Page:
Report Backs RTI Exemption for India’s National Banks

16 May 2014

The “fragile” condition of India’s public sector banks requires urgent action, according to a new report, including an exemption from the right to information act.

The 90-page report by a high-level committee includes numerous recommendations, such as lowering of the government’s holding in the several dozen banks to below 50 percent.

The banks face a number of external constraints that need to be removed “so that these banks are not disadvantaged in relation to private sector banks, which are uninhibited by them,” according to the committee constituted by the Reserve Bank of India, India’s central bank.

One of the constraints cited is the RTI law.

The burden of the RTI requests doesn’t seem high, according to Venkatesh Nayak, Programme Coordinator of the Access to Information Programme at the Commonwealth Human Rights Initiative

“The available data indicates that, on an average, the maximum number of RTI applications per branch received by a PSU Bank during this period  is an ‘astronomically high’ 2.25 applications for Allahabad Bank followed by the Bank of Baroda at an average of 2 RTI applications per branch,” he wrote, also pointing to high rejection rates.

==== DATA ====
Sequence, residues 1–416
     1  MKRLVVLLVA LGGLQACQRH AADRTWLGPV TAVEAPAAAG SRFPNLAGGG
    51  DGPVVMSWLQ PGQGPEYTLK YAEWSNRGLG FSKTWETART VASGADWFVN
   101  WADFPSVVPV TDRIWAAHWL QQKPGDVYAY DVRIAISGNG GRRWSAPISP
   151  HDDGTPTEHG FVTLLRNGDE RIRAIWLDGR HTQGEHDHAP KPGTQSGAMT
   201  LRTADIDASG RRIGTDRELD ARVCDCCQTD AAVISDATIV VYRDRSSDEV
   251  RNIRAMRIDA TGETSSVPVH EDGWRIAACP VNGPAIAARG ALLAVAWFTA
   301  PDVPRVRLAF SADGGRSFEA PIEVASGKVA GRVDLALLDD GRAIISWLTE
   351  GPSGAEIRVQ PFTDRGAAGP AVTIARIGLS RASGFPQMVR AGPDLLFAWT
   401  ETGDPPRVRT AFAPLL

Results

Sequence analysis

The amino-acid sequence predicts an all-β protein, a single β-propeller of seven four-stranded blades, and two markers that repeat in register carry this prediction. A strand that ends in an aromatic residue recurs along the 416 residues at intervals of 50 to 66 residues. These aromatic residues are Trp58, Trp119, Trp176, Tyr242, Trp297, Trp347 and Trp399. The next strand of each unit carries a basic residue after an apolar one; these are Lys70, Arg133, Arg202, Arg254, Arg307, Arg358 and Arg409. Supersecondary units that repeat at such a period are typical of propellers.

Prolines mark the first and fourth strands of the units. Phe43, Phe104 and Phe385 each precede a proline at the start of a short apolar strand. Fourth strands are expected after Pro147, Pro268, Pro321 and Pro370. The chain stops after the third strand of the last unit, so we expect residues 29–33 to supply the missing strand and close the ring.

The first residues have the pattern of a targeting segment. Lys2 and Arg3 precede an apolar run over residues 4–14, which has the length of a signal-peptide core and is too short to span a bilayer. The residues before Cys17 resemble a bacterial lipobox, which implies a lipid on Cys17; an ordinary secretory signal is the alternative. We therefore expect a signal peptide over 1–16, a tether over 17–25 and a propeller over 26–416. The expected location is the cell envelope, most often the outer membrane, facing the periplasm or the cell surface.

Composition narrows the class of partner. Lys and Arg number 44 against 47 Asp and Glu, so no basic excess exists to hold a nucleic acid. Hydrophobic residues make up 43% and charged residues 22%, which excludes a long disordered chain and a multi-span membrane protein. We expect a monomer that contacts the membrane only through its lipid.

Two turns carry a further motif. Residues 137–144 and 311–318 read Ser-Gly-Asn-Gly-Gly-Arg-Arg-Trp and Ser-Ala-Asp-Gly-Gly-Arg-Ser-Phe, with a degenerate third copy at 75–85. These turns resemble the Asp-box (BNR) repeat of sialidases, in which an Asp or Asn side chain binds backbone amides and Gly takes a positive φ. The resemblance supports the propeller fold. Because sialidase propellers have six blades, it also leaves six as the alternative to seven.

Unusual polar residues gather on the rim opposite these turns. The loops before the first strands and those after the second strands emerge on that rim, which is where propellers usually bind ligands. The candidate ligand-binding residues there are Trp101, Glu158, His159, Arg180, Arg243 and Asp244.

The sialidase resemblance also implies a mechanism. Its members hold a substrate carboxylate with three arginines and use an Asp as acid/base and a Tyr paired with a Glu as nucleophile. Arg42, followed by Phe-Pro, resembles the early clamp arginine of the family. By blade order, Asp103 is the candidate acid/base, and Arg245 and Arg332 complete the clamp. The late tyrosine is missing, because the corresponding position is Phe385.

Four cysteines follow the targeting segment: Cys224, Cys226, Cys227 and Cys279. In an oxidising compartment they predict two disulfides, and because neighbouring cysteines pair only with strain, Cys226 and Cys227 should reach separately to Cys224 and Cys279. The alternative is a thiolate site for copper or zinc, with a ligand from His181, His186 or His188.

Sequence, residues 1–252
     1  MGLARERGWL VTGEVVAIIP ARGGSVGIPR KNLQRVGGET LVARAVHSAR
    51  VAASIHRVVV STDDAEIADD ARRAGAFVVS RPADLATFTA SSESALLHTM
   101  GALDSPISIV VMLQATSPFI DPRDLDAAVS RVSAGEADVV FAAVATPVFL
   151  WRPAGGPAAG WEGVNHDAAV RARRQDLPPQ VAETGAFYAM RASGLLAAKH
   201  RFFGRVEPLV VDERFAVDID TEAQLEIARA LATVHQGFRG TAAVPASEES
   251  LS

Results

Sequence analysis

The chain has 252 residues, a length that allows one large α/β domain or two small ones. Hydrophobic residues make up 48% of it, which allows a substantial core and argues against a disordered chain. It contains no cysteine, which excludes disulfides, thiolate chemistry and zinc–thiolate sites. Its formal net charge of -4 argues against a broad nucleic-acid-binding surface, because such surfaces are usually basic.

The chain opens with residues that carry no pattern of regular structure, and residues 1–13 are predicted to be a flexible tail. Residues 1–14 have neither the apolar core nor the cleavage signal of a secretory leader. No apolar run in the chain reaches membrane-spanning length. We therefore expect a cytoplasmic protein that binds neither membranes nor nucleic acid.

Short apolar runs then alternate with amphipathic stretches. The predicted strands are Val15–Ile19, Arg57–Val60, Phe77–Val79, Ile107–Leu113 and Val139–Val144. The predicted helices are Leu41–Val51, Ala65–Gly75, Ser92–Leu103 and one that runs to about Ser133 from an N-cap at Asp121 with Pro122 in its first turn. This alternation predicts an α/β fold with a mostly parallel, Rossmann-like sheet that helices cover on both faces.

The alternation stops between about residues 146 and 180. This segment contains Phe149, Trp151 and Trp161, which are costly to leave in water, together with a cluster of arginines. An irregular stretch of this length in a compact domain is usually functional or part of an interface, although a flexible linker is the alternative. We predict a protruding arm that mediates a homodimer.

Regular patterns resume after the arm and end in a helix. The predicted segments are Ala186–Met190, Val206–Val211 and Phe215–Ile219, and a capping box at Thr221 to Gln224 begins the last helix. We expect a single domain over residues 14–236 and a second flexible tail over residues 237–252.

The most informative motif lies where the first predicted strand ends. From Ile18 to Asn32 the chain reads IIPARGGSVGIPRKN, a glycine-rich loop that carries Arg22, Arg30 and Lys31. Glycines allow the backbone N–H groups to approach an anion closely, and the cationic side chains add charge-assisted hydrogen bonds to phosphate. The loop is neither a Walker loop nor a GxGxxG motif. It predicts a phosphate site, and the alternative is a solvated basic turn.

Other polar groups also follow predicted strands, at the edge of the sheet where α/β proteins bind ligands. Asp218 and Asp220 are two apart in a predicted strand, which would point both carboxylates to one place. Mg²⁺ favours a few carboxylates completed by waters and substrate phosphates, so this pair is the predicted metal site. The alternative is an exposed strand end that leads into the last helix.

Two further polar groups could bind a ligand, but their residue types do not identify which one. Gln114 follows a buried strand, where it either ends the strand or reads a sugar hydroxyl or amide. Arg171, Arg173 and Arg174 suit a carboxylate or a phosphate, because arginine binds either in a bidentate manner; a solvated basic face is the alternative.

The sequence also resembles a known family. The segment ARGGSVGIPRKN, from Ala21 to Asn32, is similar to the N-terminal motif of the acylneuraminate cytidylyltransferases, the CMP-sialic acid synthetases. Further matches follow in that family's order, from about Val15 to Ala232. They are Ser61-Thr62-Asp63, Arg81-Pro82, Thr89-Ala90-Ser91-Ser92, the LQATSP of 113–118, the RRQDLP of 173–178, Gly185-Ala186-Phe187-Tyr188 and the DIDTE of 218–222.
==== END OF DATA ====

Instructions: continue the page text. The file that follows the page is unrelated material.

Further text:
Nayak also reported resistance by the banks to disclosing their levels of non-performing loans. H

“So these Banks are not willing to reveal to citizens who deposit their hard earned money with them as to who has defaulted on loans,” he said, adding, “Yet the Committee goes ahead and reports that the RTI Act is a constraint on the governance of PSU Banks.”

Nayak also wrote:                                                 

“What we as citizens need to debate and oppose is this trend of blaming everything bad on the RTI Act. No Bank secrets have been disclosed under the RTI Act till date. This shows the strength of the legitimate exemptions under the RTI Act which the Committee fails to recognise. We as civil society actors must challenge the Banks to show how RTI has adversely affected their performance in objective terms. Until then such criticism of the RTI Act must be treated as merely a case of overflowing of the bile due to an unhealthy lifestyle. We could however wish them- Munnabhai style: “Get well soon”.


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